Third- and fourth-degree perineal tears among primiparous women in England between 2000 and 2012: time trends and risk factors

BJOG. 2013 Nov;120(12):1516-25. doi: 10.1111/1471-0528.12363. Epub 2013 Jul 3.


Objective: To describe the trends of severe perineal tears in England and to investigate to what extent the changes in related risk factors could explain the observed trends.

Design: A retrospective cohort study of singleton deliveries from a national administrative database.

Setting: The English National Health Service between 1 April 2000 and 31 March 2012.

Population: A cohort of 1 035 253 primiparous women who had a singleton, term, cephalic, vaginal birth.

Methods: Multivariable logistic regression was used to estimate the impact of financial year of birth (labelled by starting year), adjusting for major risk factors.

Main outcome measure: The rate of third-degree (anal sphincter is torn) or fourth-degree (anal sphincter as well as rectal mucosa are torn) perineal tears.

Results: The rate of reported third- or fourth-degree perineal tears tripled from 1.8 to 5.9% during the study period. The rate of episiotomy varied between 30 and 36%. An increasing proportion of ventouse deliveries (from 67.8 to 78.6%) and non-instrumental deliveries (from 15.1 to 19.1%) were assisted by an episiotomy. A higher risk of third- or fourth-degree perineal tears was associated with a maternal age above 25 years, instrumental delivery (forceps and ventouse), especially without episiotomy, Asian ethnicity, a more affluent socio-economic status, higher birthweight, and shoulder dystocia.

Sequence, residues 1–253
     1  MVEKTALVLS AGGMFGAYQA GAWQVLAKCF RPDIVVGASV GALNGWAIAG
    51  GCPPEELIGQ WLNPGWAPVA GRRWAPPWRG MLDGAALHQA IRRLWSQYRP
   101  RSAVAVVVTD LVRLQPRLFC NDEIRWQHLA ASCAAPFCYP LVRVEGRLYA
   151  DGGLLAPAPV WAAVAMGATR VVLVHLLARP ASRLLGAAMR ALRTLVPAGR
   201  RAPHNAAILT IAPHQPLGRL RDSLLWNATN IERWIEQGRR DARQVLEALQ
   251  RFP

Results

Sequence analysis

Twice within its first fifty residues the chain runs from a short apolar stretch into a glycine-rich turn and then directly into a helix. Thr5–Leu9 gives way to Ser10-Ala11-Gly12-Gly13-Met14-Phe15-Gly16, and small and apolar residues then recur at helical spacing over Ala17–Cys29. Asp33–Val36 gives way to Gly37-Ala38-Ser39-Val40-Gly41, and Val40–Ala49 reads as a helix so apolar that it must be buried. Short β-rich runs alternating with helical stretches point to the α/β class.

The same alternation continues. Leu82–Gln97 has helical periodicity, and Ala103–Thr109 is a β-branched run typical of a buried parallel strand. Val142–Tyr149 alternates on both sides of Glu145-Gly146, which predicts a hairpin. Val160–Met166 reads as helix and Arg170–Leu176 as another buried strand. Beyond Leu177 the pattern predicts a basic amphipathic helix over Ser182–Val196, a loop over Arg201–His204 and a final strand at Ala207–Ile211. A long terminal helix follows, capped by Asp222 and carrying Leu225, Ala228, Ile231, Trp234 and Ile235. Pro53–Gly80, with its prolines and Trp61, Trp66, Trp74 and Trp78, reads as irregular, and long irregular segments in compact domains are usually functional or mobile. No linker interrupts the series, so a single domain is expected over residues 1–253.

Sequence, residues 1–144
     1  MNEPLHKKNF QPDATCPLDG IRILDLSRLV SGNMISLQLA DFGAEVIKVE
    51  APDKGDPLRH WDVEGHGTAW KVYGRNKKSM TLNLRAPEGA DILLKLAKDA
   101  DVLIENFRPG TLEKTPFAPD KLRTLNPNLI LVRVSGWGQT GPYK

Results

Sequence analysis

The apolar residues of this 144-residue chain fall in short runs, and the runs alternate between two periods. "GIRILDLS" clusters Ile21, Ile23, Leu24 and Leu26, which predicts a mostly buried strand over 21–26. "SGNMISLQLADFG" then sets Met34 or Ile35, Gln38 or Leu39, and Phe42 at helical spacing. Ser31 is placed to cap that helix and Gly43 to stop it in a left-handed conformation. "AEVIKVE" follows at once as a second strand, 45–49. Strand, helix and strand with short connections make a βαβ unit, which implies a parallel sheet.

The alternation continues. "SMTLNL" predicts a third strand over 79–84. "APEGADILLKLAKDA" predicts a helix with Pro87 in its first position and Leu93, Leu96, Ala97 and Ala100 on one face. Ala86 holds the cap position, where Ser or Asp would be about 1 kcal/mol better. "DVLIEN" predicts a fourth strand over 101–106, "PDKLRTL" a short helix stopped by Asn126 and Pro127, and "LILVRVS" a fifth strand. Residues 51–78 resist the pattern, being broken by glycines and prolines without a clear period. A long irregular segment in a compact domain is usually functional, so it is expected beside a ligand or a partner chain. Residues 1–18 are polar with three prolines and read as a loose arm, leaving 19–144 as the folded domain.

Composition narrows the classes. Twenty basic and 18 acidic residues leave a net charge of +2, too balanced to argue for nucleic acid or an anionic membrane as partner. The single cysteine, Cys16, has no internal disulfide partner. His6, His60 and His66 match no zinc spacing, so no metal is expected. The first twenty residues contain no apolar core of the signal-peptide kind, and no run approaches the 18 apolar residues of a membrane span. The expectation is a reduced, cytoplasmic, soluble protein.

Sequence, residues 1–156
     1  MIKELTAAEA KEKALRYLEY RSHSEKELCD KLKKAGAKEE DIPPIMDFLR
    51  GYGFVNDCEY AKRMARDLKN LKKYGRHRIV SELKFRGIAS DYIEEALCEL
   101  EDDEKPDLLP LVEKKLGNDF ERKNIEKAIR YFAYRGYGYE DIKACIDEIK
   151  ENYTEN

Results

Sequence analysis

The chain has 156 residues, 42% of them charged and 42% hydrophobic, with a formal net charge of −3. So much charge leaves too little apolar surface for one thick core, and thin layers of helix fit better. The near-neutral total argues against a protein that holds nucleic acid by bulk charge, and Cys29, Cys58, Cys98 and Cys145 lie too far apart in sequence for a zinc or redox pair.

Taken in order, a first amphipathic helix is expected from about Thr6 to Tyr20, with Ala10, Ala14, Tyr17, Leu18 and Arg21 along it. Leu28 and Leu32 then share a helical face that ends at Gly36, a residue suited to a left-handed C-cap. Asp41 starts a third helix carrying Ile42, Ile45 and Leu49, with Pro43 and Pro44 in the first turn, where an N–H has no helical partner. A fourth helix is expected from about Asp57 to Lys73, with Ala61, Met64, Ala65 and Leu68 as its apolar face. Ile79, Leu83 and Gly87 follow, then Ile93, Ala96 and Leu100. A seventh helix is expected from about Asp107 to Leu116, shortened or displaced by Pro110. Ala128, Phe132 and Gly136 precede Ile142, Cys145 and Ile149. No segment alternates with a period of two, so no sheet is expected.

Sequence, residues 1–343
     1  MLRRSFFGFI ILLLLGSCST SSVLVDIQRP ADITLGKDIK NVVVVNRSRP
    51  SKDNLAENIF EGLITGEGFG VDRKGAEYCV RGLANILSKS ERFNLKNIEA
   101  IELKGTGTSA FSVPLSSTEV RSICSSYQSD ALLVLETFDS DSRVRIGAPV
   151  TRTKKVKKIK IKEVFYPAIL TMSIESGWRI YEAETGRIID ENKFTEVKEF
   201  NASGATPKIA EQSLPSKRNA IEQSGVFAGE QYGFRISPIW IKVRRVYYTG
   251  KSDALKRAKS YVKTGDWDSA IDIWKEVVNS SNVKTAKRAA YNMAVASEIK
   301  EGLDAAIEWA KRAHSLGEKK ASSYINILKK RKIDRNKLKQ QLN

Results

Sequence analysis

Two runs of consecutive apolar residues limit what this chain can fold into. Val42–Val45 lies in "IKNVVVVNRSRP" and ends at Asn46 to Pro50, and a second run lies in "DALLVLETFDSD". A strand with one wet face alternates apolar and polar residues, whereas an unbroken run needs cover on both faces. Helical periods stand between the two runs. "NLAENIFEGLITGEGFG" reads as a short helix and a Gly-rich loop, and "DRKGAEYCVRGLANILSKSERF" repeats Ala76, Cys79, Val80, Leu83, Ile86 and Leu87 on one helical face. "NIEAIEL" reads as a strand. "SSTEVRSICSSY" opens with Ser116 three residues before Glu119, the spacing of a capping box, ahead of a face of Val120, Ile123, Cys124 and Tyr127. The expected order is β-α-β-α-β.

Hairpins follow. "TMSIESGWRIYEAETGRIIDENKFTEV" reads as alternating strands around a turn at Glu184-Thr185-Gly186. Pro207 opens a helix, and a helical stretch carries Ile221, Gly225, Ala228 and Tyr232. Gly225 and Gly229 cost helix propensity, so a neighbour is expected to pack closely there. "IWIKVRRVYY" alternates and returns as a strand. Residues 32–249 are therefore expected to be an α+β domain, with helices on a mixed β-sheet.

Conclusions: Changes in major risk factors are unlikely explanations for the observed increase in the rate of third- or fourth-degree tears. The improved recognition of tears following the implementation of a standardised classification of perineal tears is the most likely explanation.

Keywords: Episiotomy; instrumental delivery; severe perineal trauma; trends; vaginal delivery.

Publication types

  • Research Support, Non-U.S. Gov't

MeSH terms

  • Adolescent
  • Adult
  • Age Distribution
  • Anal Canal / injuries*
  • Delivery, Obstetric / statistics & numerical data
  • England / epidemiology
  • Episiotomy / statistics & numerical data
  • Female
  • Humans
  • Middle Aged
  • Obstetric Labor Complications / epidemiology*
  • Parity*
  • Perineum / injuries*
  • Pregnancy
  • Regression Analysis
  • Retrospective Studies
  • Risk Factors
  • Rupture / epidemiology
  • Young Adult